Vigil illuminates domestic violence

The Family Support Council conducted its annual candlelight vigil on Thursday at the Carson Valley Museum & Cultural Center.

The Family Support Council conducted its annual candlelight vigil on Thursday at the Carson Valley Museum & Cultural Center.
Photo by Kurt Hildebrand.

Domestic violence is a fact of life in Douglas County, with law enforcement responding to an average of nearly a dozen incidents a week during 2022, according to figures provided by the Family Support Council.

Around one survivor is aided every two days through the Special Victims Response Team comprised of the Douglas County District Attorney’s and Douglas County Sheriff’s Office.

On Thursday, the Council conducted its annual candlelight vigil in recognition of Domestic Violence Awareness Month.

“The candlelight vigil has a long history at the Family Support Council,” said Domestic Violence Program Director Jenn Forzani. “It’s a much different picture than it was back then. It was a very dark and somber event. It was based around sadness and fear.”

She said that fear prevents people from speaking openly about it.

“Domestic violence is something we tend not to discuss,” she said. “It’s in every community and it shouldn’t have the stigma that it does. The more we talk about it, the more we can rally against it.”

The first candlelight vigil was held Oct. 5, 1998. The vigil continued until 2008 and then took a five-year break.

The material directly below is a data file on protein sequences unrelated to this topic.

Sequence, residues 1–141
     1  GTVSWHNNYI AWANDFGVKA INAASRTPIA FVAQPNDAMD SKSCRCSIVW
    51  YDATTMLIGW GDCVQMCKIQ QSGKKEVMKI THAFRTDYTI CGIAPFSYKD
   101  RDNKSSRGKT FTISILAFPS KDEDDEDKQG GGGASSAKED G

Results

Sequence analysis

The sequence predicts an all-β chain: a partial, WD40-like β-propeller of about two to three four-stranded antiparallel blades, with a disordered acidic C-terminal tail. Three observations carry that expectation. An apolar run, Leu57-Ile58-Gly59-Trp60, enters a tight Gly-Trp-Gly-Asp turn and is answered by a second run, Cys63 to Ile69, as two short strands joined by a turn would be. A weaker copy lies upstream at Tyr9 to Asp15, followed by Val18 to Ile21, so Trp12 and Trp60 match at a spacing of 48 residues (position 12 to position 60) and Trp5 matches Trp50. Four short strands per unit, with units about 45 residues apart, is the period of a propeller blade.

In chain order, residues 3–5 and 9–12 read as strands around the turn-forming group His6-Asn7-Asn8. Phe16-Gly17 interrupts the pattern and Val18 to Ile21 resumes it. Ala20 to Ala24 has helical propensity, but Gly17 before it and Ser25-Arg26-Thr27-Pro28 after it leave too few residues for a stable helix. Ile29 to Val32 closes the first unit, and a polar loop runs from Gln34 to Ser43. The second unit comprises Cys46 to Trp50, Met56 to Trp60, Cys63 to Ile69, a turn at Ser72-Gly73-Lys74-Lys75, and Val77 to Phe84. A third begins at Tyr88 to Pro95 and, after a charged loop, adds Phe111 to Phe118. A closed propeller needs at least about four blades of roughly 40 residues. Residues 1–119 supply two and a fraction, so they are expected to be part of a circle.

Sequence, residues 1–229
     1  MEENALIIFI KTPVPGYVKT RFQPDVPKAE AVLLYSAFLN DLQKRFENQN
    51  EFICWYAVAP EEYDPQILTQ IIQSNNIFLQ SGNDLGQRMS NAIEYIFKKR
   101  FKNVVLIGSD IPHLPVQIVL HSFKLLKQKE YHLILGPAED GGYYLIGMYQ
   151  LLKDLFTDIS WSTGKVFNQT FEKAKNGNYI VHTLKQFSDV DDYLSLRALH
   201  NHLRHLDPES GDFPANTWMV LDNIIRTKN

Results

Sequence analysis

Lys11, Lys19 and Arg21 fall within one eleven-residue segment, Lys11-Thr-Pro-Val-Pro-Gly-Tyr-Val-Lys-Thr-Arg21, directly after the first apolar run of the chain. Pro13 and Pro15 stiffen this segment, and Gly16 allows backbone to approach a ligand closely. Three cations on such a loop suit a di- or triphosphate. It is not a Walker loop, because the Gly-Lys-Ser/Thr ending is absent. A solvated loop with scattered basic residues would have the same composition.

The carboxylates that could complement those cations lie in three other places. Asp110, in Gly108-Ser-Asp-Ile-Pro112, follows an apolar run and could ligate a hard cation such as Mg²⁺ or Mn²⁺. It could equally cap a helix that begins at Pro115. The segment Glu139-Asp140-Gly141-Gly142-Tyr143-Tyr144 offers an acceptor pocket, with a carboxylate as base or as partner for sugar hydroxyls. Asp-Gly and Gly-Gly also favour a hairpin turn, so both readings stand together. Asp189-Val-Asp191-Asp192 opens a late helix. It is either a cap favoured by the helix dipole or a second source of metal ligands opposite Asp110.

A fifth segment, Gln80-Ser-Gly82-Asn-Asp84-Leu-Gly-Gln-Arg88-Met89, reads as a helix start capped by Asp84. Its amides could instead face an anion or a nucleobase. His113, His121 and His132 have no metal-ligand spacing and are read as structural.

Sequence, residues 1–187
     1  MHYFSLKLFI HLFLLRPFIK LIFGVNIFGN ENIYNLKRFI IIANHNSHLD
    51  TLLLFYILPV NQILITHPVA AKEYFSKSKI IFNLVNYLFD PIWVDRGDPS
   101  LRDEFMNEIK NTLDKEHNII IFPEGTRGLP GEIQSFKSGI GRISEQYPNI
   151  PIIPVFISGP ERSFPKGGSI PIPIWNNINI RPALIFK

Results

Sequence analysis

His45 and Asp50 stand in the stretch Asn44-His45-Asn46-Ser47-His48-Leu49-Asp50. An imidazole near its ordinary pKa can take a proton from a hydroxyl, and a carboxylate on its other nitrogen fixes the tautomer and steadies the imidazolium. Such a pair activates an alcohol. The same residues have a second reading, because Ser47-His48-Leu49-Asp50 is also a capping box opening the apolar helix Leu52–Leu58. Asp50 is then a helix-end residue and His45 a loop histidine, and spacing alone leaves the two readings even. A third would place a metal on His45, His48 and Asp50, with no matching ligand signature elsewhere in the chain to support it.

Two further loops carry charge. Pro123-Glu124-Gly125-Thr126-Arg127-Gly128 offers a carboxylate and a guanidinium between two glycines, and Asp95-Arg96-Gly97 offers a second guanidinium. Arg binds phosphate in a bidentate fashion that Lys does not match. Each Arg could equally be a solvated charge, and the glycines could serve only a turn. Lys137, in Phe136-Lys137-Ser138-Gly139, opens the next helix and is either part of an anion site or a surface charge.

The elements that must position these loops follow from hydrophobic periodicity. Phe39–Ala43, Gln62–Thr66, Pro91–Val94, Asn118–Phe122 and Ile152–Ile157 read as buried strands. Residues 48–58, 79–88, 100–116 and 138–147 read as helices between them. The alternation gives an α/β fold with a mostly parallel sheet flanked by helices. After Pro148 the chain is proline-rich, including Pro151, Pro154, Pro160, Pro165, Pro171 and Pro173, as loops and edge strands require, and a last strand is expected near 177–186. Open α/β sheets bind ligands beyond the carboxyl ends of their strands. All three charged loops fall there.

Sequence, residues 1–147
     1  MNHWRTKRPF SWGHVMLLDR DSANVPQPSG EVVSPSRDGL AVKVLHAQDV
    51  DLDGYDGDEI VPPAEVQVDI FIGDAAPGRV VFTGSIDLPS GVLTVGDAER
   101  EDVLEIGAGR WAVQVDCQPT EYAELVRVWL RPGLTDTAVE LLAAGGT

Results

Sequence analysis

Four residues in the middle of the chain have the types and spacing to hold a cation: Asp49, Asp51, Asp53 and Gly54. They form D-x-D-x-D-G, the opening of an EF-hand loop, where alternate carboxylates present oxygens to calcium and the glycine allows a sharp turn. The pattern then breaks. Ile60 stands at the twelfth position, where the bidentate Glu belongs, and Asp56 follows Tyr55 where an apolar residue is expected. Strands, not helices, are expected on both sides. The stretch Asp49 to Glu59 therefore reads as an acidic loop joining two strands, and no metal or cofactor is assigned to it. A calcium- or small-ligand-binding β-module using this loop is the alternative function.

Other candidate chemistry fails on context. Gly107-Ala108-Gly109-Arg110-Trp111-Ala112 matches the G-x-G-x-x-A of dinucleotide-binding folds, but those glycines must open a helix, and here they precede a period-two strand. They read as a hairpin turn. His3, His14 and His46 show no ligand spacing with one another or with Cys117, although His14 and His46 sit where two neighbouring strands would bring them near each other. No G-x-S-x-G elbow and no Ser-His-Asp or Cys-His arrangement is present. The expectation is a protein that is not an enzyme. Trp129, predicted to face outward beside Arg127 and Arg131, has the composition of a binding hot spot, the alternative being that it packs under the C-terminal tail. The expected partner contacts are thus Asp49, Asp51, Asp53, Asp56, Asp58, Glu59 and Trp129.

“It was very much in the same kind of temperature that it was,” Forzani said. “We wanted to change that painting, change that picture.  We wanted to focus on health, community and strength. We wanted to focus on survivors. There is life after domestic violence.”

The Council has been helping Carson Valley families since January 1982, operating a 13-bed confidential shelter that provided 1,100 bed nights during 2022.

“The shelter is in desperate need of repair and renovations, to include new flooring and interior and exterior paint,” Executive Director Veronica LaChance said.

That costs the nonprofit $13,750 to house women and children last year.

The council operates a crisis line active 24 hours a day, seven days a week and has seven staffers in their domestic violence team.

“The mission of Family Support Council is to provide education, intervention, and prevention services to support the growth and development of healthy families,” she said. “The Family Support Council is always going through periods of transition and change but our true mission remains the same; to eradicate family violence.”

LaChance said raising awareness of domestic violence is a critical issue.

“Domestic violence can no longer be a silent crime,” she said. “It is through the voice and of our community members and survivors that we can rise up.”

She said that’s one of the reasons they light a candle.

“Events like (Thursday) allow us to step out of the shadows and share with our community what true support, collaboration, and effectiveness it takes to put an end to this terrible crime,” she said. ”It is up to all of us to change the narrative.”


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